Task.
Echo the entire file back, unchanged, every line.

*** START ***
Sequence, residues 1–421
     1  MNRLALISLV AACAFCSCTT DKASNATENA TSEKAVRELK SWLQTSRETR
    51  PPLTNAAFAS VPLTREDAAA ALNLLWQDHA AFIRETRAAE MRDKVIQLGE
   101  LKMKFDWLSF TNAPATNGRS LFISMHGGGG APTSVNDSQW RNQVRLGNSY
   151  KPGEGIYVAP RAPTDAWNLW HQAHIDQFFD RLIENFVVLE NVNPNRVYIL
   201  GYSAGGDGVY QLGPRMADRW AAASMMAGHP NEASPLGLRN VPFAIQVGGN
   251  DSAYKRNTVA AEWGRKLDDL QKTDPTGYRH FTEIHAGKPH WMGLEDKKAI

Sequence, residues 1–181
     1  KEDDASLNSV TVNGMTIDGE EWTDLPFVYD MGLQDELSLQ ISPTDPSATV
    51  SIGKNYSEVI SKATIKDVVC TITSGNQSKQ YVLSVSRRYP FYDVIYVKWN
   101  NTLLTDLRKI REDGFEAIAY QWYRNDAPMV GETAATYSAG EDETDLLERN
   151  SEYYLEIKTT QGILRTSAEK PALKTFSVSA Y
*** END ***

Sequence, residues 1–421
     1  MNRLALISLV AACAFCSCTT DKASNATENA TSEKAVRELK SWLQTSRETR
    51  PPLTNAAFAS VPLTREDAAA ALNLLWQDHA AFIRETRAAE MRDKVIQLGE
   101  LKMKFDWLSF TNAPATNGRS LFISMHGGGG APTSVNDSQW RNQVRLGNSY
   151  KPGEGIYVAP RAPTDAWNLW HQAHIDQFFD RLIENFVVLE NVNPNRVYIL
   201  GYSAGGDGVY QLGPRMADRW AAASMMAGHP NEASPLGLRN VPFAIQVGGN
   251  DSAYKRNTVA AEWGRKLDDL QKTDPTGYRH FTEIHAGKPH WMGLEDKKAI

Sequence, residues 1–181
     1  KEDDASLNSV TVNGMTIDGE EWTDLPFVYD MGLQDELSLQ ISPTDPSATV
    51  SIGKNYSEVI SKATIKDVVC TITSGNQSKQ YVLSVSRRYP FYDVIYVKWN
   101  NTLLTDLRKI REDGFEAIAY QWYRNDAPMV GETAATYSAG EDETDLLERN
   151  SEYYLEIKTT QGILRTSAEK PALKTFSVSA Y